The shortage factor is the % of an item’s unit selling price (USP) that is lost in the event of a stockout and subsequent lost sale. It is used to compute the lost sales cost. For example, if the shortage factor is 20% and the item sales for $100, then the lost sales cost per unit for the item is 20% of $100, or $20. If the shortage factor for an item is 300% and the item sales for $1000, then the lost sales cost per unit for the item is $3000. It is a judgment factor that a multi-functional team can decide. The shortage factor is highest when there is limited ability to substitute, intense competition, the item is very popular, and the customer is very popular.
We frequently find it helpful to identify and rank order root and systemic causes of excess inventory. An example completed for a large HVAC client is depicted below. In this case the root causes in
The RightStock™ model also distinguishes between value added inventory (VAI) and excess, non-value added inventory (NVAI). Value added inventory is the sum of safety stock, lot size, and pipeline inventory. Those three types of inventory
Hedge inventory (HI) mitigates risks of potential sharp price increases, shortages in critical commodities, and extreme price and availability volatility for those same items. Fuel is a classic example of a commodity whose inventory may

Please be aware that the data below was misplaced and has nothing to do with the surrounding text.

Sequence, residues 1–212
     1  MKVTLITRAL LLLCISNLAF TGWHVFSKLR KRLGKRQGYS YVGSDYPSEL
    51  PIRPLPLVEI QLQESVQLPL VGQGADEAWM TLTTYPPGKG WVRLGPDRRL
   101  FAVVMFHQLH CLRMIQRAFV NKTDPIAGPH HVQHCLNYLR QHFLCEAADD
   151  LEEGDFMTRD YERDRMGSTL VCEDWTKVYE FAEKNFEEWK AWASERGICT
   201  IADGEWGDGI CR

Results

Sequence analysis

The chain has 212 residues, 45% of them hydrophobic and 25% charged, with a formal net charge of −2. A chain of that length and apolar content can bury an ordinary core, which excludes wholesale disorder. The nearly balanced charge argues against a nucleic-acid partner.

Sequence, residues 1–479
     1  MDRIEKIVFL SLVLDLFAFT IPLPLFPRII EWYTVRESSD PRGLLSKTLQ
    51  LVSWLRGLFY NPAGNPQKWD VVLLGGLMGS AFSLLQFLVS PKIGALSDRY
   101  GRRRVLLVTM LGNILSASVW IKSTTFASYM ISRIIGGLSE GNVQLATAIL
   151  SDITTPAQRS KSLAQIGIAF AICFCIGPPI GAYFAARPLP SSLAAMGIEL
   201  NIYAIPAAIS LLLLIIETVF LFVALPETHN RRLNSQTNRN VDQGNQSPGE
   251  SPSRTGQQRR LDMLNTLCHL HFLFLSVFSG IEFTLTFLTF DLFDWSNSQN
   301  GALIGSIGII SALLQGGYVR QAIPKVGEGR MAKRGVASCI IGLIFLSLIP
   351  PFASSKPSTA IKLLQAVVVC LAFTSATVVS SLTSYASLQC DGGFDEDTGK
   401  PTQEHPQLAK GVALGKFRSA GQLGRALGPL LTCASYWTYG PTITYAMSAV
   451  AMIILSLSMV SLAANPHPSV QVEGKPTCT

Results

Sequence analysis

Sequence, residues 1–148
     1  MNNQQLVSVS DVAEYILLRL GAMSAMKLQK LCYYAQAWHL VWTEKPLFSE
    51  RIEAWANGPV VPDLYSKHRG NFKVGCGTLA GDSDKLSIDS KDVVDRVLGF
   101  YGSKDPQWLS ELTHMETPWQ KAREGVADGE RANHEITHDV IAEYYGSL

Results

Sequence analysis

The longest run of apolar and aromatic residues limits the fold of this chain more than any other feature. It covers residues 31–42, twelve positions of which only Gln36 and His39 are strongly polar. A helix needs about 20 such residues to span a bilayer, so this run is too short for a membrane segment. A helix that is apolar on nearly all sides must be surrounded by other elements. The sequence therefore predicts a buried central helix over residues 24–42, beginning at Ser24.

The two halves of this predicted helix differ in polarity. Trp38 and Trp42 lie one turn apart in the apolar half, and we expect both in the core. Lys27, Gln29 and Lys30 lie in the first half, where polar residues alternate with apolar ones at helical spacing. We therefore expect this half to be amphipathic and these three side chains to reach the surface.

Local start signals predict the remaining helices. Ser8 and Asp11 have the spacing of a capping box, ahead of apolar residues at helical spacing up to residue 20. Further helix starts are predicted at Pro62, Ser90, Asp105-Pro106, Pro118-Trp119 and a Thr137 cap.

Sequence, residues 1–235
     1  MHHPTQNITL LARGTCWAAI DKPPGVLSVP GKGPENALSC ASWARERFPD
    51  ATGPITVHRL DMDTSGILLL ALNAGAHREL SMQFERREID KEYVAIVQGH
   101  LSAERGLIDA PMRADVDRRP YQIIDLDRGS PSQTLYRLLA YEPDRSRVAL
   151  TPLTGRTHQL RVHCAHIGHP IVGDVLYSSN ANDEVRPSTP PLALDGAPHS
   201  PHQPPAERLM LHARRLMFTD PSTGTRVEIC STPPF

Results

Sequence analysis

Contingency and disaster inventory (CDI) insures against unexpected situations outside the realm of those covered by traditional safety stock inventory. Those situations include natural disasters, labor strikes, and other abnormal supply chain disruptions. For example,
Setup cost (SUC) is the cost to setup (prepare or changeover) a machine or production line to make a production run for a particular item or change between items. It is sometimes referred to as changeover cost (COC).
The purchase order cost (POC) is the cost of placing a purchase order from a vendor. The majority of those costs are related to sourcing, purchasing, and procurement salaries and benefits (italics) and include: Purchase
As a part of the National Science Foundation’s Japan Technology Evaluation Center I had the unique privilege to lead a major study for the U.S. government comparing U.S. and Japanese logistics systems. During the study
There are two conceptual models for inventory management – push and pull. The push inventory model is so called because the emphasis is on "pushing" speculative inventory, made-to-forecast (MTF) in response to forecasted demand, out
Order status communication should be proactive when there is an exception to the order contents, timing, or terms agreed upon at order entry. Order status information should be updated in real-time and should be available
For individual consumers, credit verification should take place before order release and inventory commitment. Credit verification should take place on-line and in near real-time. For large corporate customers, each customer should be classified as a: